Garmin, the GPS device manufacturer, has issued a recall. Their Nuvi is causing some people potentially dangerous problems. If you are blazing new trails with your GPS, don?t? get too fired up. Batteries from an unnamed third party could overheat GPSand be a fire hazard. The problem involves a circuit board design.

Out of 796,000 units sold in the US, fewer than 10 have reportedly overheated, hardly enough to cause alarm – unless it is your GPS that starts burning. So far, no injuries or property damage has resulted.

Garmin Nuvi 250 RecalledIf your Garmin model is a 200W, 250W, 260W or 7xx or 7xxt [where xx is a two digit number] you should be heeding the recall. Most of the problems, however, involve discontinued models. If you have one of the older models, or are shopping for a used GPS, check out www.garmin.com/nuvibatterypcbrecall and key in the device?s serial number. Garmin warns customers to not try to remove or service the battery themselves. Instead, take it to a facility authorized by Garmin.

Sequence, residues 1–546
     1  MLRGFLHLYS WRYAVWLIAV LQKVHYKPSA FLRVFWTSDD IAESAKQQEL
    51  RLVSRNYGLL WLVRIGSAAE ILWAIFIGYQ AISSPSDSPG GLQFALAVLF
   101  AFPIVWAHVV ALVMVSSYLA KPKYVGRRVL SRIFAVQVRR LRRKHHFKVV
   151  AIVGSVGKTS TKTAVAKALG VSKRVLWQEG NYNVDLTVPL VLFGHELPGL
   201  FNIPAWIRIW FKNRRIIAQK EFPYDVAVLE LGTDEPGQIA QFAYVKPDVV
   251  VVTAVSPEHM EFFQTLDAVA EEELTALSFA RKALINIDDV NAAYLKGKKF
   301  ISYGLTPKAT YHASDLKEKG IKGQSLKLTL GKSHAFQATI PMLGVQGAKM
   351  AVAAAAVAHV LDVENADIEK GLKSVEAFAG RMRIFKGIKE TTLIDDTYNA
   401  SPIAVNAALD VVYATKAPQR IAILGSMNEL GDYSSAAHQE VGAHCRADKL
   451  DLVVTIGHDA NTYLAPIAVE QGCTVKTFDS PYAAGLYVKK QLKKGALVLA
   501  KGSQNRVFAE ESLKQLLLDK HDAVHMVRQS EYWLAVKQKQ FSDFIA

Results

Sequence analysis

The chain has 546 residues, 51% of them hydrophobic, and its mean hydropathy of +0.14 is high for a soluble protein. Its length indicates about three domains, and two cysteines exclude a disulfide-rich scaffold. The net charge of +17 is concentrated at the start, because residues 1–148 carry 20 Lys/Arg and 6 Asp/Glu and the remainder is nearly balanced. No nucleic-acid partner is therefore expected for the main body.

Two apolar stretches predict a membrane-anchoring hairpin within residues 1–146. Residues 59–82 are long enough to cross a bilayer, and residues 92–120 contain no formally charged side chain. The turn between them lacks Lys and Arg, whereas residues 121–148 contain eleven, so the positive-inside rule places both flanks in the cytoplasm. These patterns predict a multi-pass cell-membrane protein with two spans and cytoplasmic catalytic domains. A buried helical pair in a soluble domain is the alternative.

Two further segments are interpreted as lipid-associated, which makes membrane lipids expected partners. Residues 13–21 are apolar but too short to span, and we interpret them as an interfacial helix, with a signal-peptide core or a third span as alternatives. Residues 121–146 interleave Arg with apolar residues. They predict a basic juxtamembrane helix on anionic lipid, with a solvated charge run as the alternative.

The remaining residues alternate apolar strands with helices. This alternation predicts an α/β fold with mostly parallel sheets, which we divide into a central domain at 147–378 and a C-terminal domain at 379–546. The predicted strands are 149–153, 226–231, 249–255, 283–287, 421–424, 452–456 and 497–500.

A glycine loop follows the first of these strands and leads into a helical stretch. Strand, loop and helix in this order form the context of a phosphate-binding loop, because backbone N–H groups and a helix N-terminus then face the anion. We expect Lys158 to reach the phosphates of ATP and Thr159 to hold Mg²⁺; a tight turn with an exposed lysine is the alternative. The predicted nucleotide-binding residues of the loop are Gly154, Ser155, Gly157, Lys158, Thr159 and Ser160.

Garmin and the battery manufacturer will share the cost. They say it should not impact Garmin?s financial results, in case you own stock and are concerned. However, their revenue has already been down – reportedly with a fall of 17 percent in the second quarter – revenue and orders improved, but currency conditions affected the Swiss-based company.

Garmin is anticipating a brighter future – the result of glowing sales, not flaming batteries. The Nuvi 1690 is their latest offering. It includes preloaded maps, Lane Assist with junction view, hands-free calling and ecoRoute. In the U.S., each Nüvi 1690 comes with a free 2-year nüLink! subscription which provides gas prices, theater times, local events, and flight status so you don?t miss your plane.  All those features may warm your heart, and hopefully won?t heat up your battery.